Judge Laura Taylor Swain of New York ruled against the Puerto Rico Electric Power Authority’s request for a loan from Puerto Rico’s central government to support its operations as it continues the restoration of power to Puerto Rico.
This decision, which has a negative impact on the relief efforts and the operation of PREPA, followed vigorous arguments against the loan by creditors, agency officials said.
Starting Feb. 18, PREPA will begin a ramp down of select generation units.
“While we expect to proceed in an orderly and staged manner to conserve operational reserves, we fear this setback will result in the exacerbation of human hardship as potable water, power for medical procedures, communications, and open schools are at risk of disappearing again. This could also accelerate the outmigration of residents,” said PREPA Board Chair Ernesto Sgroi.
“We are deeply disappointed with the decision to deny this loan requested by the Financial Oversight and Management Board and the Puerto Rico Fiscal Agency and Financial Advisory Authority on behalf of PREPA,” he added.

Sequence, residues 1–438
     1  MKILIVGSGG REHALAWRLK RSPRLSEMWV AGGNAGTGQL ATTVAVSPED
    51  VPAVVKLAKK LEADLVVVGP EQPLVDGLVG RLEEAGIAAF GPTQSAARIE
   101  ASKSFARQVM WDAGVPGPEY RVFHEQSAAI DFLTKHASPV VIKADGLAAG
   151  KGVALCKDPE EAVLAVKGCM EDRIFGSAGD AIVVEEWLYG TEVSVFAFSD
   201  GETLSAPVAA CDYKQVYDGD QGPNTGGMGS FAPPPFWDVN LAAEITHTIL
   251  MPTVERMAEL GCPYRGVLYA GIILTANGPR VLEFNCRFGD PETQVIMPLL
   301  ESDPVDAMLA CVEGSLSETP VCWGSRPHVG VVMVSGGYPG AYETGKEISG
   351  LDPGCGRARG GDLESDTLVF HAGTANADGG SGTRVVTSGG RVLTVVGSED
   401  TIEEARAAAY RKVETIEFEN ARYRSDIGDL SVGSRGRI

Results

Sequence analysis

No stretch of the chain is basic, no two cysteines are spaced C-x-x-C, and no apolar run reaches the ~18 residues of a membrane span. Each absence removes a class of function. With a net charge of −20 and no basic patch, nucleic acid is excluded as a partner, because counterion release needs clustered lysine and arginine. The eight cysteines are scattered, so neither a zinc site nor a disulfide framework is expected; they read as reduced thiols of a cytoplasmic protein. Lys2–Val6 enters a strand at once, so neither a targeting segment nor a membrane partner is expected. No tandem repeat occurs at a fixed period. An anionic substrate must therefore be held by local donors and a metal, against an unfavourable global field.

“This is a setback for citizens of Puerto Rico, thousands of whom remain without power. Last night’s ruling, favoring creditors and bondholders, is counterproductive to the transformation of PREPA and the future of Puerto Rico,” he said.
“While we expect to qualify for a $300 million bridge loan from Puerto Rico Treasury in the coming weeks, until then we will have to put forth a strategic operational emergency plan that conserves resources and limits client impacts, while preserving our ability to operate our long-term recovery plan,” he said.
“These initial emergency efforts are not expected to interrupt existing electric service but may have an impact on the stability of the grid. PREPA will continue with the restoration work within the constraints presented to it,” Sgroi said.
“However, without the loan, and given the potential risk to its operations, we have no other responsible option than to begin implementing a limited operational emergency plan,” he added.
The damage to the people of Puerto Rico has been exacerbated by lack of prompt action by the U.S. Treasury and FEMA to expedite access to the Congressionally approved $4.9 billion of community disaster loans. We urge them to move forward as soon as possible to help our recovery efforts, Sgroi said
“PREPA is committed to its Vision for the Energy Future of Puerto Rico and to continuing negotiations to reach agreements with our creditors, but we expected that the court proceedings would accelerate the process. We continue to do everything we can to prioritize the safety and well-being of our citizens — U.S. citizens — who now more than ever need support from their government,” he concluded.